By now, we can stop pretending that 20-somethings are surprised when they learn that they have to pay taxes. Since a majority of young adults has held down at least part-time jobs since they were a teenager, they are acutely aware of the fact that Uncle Sam wants his piece of the pie.
However, what many 20-somethings may not realize is that they might be paying more than they should in taxes — or making mistakes that could land them in hot water later on. In some cases it might make sense to instead work with a tax preparer in order to make sure they’re done right and getting the biggest refund possible. (In reality, these really isn’t an issue younger people face, but virtually anyone can.)
The truth is, even if you don’t have a six-figure salary (yet), an impressive investment portfolio, or any real estate, you may still qualify for deductions and credits that can make a big difference in your refund. Even if you don’t, working with a qualified tax professional can help you avoid costly errors and stressful audits, as well as save cash.
You Have Freelance Income
Whether you made money online through something like freelance writing or selling custom artwork on Etsy, or provided tutoring for your neighbor, if you earned any income at all you have to claim it. IRS regulations require employers to send Form 1099 to freelancers (or any non-employee) only when compensation exceeds $600, but earning less does not exempt you from having to report that income. A tax professional can help you claim your income correctly, as well as help you make deduction that will lower your tax burden.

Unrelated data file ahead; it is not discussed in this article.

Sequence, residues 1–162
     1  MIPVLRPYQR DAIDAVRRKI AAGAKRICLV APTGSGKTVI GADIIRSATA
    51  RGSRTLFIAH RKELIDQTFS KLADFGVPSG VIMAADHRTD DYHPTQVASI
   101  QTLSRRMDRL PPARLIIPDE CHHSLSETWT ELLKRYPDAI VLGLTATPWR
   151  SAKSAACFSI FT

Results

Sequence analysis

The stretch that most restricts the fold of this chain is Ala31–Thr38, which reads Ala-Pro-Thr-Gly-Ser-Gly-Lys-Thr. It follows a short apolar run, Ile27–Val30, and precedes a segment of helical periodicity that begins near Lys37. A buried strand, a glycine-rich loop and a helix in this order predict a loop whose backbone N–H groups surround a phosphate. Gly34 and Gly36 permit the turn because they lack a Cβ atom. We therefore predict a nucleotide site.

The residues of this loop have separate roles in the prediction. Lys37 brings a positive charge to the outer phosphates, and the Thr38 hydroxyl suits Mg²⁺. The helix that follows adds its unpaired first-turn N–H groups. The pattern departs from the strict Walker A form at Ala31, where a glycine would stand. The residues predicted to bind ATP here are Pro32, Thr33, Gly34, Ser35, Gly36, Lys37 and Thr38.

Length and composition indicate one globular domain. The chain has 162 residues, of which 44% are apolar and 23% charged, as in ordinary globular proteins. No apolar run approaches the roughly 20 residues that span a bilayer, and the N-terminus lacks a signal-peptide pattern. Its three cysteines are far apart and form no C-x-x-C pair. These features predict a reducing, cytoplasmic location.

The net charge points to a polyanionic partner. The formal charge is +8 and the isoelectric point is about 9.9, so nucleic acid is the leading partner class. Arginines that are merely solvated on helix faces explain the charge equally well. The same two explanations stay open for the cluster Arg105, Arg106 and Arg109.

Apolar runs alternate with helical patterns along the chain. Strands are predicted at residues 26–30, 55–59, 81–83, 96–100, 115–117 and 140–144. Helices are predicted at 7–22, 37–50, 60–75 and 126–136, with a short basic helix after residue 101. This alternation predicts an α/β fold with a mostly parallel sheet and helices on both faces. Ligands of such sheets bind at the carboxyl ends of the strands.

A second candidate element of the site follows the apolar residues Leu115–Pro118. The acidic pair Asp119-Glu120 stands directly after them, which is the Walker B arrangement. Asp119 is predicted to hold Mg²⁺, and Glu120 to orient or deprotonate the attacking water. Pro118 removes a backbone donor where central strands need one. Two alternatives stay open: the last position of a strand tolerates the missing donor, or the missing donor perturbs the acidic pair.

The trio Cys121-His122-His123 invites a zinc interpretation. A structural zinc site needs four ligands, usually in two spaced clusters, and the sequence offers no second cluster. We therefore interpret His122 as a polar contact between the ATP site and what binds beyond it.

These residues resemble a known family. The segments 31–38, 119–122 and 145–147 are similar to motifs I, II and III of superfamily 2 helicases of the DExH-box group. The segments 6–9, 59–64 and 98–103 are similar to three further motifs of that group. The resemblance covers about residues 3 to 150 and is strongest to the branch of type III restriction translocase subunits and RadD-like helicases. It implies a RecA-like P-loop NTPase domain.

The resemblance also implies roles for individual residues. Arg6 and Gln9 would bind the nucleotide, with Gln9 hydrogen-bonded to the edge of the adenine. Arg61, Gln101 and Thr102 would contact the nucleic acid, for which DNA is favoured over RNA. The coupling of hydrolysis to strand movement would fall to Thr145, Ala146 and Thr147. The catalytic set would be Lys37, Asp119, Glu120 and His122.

For example, if you had to purchase supplies for your artwork, you may be able to deduct a portion of that cost, as well as selling fees, marketing costs, or even space for your studio or workshop. At the same time, you may have to fulfill certain tax requirements (such as filing sales tax reports) that if you skip, could get you into trouble with the feds. In fact, working with a tax pro before you start your business to get you taxes in order can get you off on the right foot and make it easier come tax time.
You Have a Retirement Plan
Most people who have retirement plans through their employers make their contributions and think nothing else of it. However, if you earn less than $30,000 a year, those retirement plan contributions could make you eligible for a tax credit.
The Tax Saver’s Credit encourages low-wage earners to save for the future by providing a tax credit of up to 50 percent of qualifying retirement plan contributions. For most 20-somethings, this amounts to a few hundred dollars, but it’s still a reduction in your tax bill and a potentially bigger refund. A tax professional can help you determine your eligibility for credits — there are others you may qualify for, such as credits for going back to school — and get your bill as low as possible.
Moving expense deductions are one of the most misunderstood categories, and taxpayers are often surprised to find that they can’t deduct everything they thought they could. While only a tax expert can determine whether you qualify for a deduction, if you moved to take a new job — and that job increases your commute by 50 miles or more — then you can deduct moving expenses, including the costs to move your belongings, connecting utilities, lodging, etc.
You will need receipts for your expenses, and not everything is allowable, but you can reduce your tax bill by deducting moving costs.
You Purchased Health Insurance
If you get insurance through your employer, then all you need to do is check a box on your return. If you purchased coverage through the health insurance exchange, though, you have a little more paperwork to do. You’ll have to complete Form 8962, to determine whether you over or underpaid for your subsidized coverage, as well as submit a 1095 form to prove that you were covered for all 12 months of the year. If you weren’t covered all year, you may have to pay a penalty for each month you went without insurance. A tax pro can help you complete these forms correctly and help you hang on to more of your cash.
The services of a tax professional will cost you some cash, but the savings — and peace of mind — that can come from that help are well worth the expense. Before you dismiss the idea of hiring a tax accountant, consider the benefits of doing so, and take steps toward a stronger financial future.
Photo courtesy of: John Morgan